Lloydspharmacy recruiter: What I look for in an interview

Published: 27 Mar 2018 By Eliza Slawther

Chris Ellis

Lloydspharmacy’s recruitment delivery manager reveals the signs he is looking for in job applicants

Christopher Ellis has considered many interviewees during his career. He began his first recruitment role at an IT company aged 18, before moving on to finding people for Boots.

He joined Lloydspharmacy in 2014, and took up his current role last August. While interviewing people over the phone for the multiple, he pays attention to their tone.

“You can gauge a lot by tone of voice and what they’re saying in terms of knowledge – if they’ve done their research,” he tells C+D.

He says what the “little things” show about a candidate’s enthusiasm can make all the difference. In person, he looks at their body language.

“A really simple thing is that quite often people speak with their hands if they’re really passionate about something,” he tells C+D.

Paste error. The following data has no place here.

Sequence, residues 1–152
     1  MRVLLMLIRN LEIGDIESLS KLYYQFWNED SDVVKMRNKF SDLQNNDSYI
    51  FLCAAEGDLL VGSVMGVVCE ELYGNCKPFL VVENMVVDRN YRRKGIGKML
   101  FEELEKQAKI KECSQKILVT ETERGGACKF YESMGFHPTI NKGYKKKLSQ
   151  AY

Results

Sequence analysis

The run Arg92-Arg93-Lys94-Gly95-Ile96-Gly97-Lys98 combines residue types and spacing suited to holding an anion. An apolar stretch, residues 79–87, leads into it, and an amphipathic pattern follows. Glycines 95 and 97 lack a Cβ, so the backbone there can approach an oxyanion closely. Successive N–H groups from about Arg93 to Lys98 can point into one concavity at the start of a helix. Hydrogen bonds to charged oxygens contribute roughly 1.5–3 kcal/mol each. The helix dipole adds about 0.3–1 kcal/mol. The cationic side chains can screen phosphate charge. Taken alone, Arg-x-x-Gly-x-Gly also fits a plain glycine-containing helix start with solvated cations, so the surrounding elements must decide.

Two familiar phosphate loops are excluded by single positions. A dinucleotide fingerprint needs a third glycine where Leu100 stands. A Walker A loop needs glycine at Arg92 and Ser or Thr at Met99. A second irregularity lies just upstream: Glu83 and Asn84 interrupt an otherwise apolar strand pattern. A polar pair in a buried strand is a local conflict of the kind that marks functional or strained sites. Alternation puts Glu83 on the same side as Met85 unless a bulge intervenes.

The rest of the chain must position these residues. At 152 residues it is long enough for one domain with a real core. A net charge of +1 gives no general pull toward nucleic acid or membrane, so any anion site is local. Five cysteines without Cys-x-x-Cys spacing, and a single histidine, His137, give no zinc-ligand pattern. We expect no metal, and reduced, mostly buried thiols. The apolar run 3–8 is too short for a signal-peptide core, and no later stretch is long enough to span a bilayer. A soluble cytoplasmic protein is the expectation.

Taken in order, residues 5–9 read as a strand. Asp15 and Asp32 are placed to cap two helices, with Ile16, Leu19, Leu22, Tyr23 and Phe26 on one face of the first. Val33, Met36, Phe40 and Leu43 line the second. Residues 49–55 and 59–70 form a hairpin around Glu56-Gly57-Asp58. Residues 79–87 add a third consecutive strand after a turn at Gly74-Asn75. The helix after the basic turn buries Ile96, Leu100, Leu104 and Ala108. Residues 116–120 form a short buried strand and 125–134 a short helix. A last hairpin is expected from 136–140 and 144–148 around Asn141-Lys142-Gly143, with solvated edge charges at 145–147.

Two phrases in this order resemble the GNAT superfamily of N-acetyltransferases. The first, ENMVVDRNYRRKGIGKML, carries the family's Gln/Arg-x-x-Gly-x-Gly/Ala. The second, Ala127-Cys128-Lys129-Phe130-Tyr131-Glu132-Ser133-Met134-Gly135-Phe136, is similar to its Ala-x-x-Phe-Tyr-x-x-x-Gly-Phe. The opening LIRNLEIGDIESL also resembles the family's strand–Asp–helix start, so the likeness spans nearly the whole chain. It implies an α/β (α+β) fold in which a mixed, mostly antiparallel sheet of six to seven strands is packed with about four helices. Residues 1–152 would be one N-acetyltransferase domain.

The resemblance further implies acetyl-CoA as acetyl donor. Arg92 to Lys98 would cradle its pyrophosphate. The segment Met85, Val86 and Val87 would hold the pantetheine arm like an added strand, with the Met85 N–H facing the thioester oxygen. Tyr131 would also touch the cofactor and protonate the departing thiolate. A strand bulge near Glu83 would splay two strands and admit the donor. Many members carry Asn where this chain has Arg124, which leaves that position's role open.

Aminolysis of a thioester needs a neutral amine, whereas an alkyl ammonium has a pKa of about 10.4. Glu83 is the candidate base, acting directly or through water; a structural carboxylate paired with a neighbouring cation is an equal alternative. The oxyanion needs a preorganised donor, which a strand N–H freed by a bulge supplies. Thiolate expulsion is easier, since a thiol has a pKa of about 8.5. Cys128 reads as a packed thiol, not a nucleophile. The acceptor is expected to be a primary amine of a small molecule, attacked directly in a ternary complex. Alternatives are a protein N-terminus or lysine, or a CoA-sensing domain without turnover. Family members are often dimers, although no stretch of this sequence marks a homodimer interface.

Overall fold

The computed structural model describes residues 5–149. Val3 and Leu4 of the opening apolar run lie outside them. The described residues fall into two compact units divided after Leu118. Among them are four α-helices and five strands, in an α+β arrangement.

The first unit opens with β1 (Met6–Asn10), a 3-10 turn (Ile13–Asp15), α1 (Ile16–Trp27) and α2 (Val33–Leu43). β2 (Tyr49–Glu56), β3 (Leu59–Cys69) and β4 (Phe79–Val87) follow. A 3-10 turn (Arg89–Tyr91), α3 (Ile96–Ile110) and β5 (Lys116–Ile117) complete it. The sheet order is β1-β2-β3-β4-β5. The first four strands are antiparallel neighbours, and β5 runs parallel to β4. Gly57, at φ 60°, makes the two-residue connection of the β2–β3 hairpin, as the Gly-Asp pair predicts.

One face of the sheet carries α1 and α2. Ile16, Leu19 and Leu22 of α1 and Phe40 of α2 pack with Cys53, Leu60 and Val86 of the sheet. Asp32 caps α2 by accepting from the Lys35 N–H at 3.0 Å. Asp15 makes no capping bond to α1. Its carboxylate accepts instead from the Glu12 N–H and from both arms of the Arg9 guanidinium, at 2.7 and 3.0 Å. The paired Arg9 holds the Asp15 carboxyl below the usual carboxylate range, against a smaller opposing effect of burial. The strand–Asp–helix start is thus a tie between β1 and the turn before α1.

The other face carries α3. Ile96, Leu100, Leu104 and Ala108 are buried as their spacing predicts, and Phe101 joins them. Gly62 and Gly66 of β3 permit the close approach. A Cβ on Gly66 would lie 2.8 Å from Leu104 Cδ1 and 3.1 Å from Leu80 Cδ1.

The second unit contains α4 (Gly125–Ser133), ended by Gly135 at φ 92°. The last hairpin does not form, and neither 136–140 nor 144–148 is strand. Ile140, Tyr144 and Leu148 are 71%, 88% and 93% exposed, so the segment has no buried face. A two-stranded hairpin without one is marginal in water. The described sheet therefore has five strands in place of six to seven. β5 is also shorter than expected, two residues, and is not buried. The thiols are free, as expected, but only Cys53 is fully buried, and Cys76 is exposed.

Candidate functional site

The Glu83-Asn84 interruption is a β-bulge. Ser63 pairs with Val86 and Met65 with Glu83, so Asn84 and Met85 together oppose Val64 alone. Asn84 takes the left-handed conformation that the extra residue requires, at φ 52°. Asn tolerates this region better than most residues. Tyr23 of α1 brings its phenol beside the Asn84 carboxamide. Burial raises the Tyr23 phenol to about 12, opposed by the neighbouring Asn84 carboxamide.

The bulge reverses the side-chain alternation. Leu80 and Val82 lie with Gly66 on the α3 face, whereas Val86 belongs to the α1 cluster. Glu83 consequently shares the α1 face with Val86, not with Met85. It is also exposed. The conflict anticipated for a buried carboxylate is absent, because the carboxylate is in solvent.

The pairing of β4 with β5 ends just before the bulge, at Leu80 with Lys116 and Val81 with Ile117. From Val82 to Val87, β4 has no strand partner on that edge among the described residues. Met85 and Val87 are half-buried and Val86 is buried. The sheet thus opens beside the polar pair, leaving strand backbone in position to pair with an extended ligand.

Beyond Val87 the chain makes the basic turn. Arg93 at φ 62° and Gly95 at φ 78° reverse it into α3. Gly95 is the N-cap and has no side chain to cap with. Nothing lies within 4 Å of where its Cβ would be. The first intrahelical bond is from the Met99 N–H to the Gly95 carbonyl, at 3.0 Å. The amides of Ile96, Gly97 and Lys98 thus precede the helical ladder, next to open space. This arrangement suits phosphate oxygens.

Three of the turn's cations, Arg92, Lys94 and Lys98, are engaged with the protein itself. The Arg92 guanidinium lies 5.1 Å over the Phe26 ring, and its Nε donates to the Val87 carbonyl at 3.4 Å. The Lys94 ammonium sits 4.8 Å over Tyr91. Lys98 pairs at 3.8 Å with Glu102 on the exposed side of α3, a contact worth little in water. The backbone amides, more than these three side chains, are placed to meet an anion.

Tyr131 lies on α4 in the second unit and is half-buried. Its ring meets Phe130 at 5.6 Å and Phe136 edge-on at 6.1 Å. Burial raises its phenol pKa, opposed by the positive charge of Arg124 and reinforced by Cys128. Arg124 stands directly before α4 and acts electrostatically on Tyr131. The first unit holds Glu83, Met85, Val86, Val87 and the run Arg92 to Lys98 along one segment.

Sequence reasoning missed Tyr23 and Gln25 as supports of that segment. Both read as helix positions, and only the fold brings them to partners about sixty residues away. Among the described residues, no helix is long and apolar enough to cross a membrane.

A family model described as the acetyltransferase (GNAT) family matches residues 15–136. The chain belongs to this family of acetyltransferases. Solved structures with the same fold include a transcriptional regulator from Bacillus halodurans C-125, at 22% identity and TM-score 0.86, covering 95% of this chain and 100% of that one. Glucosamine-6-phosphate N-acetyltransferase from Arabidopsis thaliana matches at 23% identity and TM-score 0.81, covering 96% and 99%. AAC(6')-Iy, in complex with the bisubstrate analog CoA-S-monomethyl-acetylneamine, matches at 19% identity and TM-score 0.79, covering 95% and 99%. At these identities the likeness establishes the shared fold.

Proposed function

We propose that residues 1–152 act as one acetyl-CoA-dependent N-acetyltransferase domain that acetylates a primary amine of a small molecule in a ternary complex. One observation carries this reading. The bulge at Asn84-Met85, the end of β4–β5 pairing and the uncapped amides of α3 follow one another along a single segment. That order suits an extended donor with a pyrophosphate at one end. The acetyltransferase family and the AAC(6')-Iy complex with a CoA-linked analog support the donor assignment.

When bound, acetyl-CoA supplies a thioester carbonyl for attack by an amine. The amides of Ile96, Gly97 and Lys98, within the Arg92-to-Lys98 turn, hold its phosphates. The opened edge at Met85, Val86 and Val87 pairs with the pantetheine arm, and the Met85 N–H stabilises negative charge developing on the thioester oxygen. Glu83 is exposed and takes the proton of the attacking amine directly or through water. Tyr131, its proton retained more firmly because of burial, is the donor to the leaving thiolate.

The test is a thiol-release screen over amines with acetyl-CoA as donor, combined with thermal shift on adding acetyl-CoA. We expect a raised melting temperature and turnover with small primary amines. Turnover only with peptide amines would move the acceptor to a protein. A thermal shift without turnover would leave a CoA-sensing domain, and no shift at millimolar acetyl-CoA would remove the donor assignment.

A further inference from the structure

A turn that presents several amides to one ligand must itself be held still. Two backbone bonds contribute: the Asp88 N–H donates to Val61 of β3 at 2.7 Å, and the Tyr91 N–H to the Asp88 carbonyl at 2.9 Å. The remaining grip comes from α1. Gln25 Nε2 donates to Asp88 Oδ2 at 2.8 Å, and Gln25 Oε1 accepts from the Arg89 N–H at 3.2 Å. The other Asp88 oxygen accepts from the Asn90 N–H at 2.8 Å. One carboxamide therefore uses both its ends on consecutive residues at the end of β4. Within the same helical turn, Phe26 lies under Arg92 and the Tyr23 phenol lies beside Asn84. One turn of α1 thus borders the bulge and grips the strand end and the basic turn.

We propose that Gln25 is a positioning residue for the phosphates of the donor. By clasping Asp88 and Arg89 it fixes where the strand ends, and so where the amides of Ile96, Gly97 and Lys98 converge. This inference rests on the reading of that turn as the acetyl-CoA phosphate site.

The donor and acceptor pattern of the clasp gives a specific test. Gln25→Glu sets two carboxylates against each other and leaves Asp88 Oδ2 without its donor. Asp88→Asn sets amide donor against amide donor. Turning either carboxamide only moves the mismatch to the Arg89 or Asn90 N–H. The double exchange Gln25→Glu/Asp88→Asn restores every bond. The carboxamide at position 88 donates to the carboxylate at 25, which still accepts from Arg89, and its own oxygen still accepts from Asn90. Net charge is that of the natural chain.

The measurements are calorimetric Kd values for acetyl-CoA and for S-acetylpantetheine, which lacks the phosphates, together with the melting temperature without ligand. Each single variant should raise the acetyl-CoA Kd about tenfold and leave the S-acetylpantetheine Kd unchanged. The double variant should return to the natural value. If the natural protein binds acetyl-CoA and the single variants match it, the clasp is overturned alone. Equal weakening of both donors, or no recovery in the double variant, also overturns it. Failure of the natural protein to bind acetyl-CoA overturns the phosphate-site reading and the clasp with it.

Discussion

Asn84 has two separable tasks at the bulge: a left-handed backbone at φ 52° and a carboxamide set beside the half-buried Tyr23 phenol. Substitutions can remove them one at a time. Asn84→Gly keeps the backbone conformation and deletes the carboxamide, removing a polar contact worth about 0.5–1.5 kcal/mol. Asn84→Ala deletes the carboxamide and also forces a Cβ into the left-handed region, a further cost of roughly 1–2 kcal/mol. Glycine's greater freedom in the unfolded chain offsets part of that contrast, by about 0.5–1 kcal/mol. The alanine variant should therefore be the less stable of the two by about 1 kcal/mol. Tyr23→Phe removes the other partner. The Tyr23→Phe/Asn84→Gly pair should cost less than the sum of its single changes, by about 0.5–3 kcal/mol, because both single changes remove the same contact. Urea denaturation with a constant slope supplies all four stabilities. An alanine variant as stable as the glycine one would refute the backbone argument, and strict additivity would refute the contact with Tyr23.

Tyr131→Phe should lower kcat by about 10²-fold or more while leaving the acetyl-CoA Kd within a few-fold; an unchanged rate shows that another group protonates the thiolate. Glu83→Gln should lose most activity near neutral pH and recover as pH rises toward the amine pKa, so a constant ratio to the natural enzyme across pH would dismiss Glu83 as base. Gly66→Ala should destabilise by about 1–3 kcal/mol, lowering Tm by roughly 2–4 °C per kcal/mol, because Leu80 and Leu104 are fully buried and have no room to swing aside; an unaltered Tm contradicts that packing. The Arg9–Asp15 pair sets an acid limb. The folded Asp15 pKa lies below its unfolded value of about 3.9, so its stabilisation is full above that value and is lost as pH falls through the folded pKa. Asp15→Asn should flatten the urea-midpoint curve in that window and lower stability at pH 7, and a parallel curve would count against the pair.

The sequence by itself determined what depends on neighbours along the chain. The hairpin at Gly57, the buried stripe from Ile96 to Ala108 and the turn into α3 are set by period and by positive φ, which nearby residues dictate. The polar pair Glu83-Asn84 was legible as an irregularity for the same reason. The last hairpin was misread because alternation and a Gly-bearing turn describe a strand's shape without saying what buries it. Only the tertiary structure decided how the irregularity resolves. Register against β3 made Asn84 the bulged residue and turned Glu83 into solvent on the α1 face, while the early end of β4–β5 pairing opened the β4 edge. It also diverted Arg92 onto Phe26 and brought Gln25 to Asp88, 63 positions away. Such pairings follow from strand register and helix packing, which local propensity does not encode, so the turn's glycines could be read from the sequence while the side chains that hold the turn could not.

Behaviour can disclose a characteristic that is crucial for the industry – enthusiasm, he says. “If you have a passion to make a difference to people’s lives and their health, then I think that always comes across really strongly.”

Before an interview, Mr Ellis says prospective pharmacists and pharmacy staff must consider how well each job will fit. They should be more strategic than trying the “spray and pray” approach of applying to lots of jobs at once: taking the time to tailor their application, he says.

To inform your interview preparation and find a role that’s going to work for you, it can help to get work experience and speak to colleagues across the sector, he continues.

“Because pharmacy jobs can have quite similar requirements, people need to think geographically about where the role is.”

“Have they searched on Google to see how long it will take them to get to that place, what are the store opening and closing hours? Does that give them enough time to get home and have some downtime?”

At the heart of this advice is his key to happy employment: work-life balance. “If you’re going to sustain a job for a long amount of time, it’s important to find one that’s going to give you the balance with your family.”

Other important factors include “being able to switch off at the end of the day” and “having variety”, he says.

Variety for him means getting the most out of the job by trying different things and “developing new skills”.

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